Instead, the approach Essentia is taking is more multifaceted and patient-specific, with providers considering the appropriateness of opioid prescriptions on a case-by-case basis.
“We don’t want to make things worse for patients,” Bianco said. People who live with chronic pain can find it “very, very scary” to think about leaving opioids behind, and providers are trained to be sensitive to that.
In most cases, the decision of whether to take a patient off opioids, or of whether to prescribe opioids in the first place, is not an easy one.
“Opioids and pain have always been difficult for clinicians,” Bianco said. “Pain is a difficult condition to take care of because it presents itself in different ways. Understanding pain — the physiology and behavioral health aspect of it — is incredibly important and takes a lot of time for clinicians.”
The Opioid Stewardship Program aims to help clinicians in this endeavor by offering support, education and standardized prescription guidelines.
“We’ve been trying to support our clinicians in making the right choice, and they’ve been very happy to have the help,” Bianco said. “The reaction has been very, very positive.”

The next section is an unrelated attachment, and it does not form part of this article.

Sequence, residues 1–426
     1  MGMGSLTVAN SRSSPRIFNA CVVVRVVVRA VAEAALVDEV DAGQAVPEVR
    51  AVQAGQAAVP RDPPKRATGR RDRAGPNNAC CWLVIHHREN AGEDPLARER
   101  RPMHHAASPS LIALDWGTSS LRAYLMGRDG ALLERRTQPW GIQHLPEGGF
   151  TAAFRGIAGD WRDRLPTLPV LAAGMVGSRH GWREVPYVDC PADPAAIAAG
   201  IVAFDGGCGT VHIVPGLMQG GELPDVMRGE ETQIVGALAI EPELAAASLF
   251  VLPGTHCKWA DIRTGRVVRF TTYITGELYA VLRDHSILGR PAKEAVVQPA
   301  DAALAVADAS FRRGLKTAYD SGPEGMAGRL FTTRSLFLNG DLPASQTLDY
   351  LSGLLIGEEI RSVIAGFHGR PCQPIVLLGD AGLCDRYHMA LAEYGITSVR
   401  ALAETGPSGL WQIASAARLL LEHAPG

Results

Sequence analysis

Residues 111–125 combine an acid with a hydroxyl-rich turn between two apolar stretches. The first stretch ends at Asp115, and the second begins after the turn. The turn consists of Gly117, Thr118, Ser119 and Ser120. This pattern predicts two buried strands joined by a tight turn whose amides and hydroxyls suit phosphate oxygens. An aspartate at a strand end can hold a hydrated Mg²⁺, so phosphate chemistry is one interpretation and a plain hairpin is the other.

Essentia is ahead of the game in its efforts; the Minnesota Legislature just passed a law in its 2019 session requiring all clinicians to have at least two hours of opioid training before they can be licensed.
“We’ve actually created the curriculum for them,” Bianco said.
Looking ahead, the focus of the Opioid Stewardship Program will be on increasing access to prevention, treatment and recovery services for opioid use disorder. Essentia also plans to increase its collaborative community efforts, in hopes of making a broader difference — not only with prescription opioids, but with illegal opioids, as well, which make up the majority of overdose deaths.
“There are still huge challenges out there,” Bianco said.
The prescription opioid problem
Millions of Americans suffer from pain and are often prescribed opioids to treat their conditions. However, the dangers of prescription misuse, opioid use disorder, and overdose have been a growing problem throughout the U.S.
Since the 1990s, when the amount of opioids prescribed to patients began to grow, the number of overdoses and deaths from prescription opioids have also increased. Even as the amount of opioids prescribed and sold for pain has increased, the amount of pain that Americans report has not similarly changed.
46 people die every day from overdoses involving prescription opioids. In 2017, prescription opioids were involved in more than 35% of all opioid overdose deaths.
Overdose deaths involving prescription opioids were five times higher in 2017 than in 1999.
From 1999 to 2017, almost 218,000 people died in the U.S. from overdoses related to prescription opioids.
The most common drugs involved in prescription opioid overdose deaths include methadone, oxycodone and hydrocodone.
Source: Centers for Disease Control and Prevention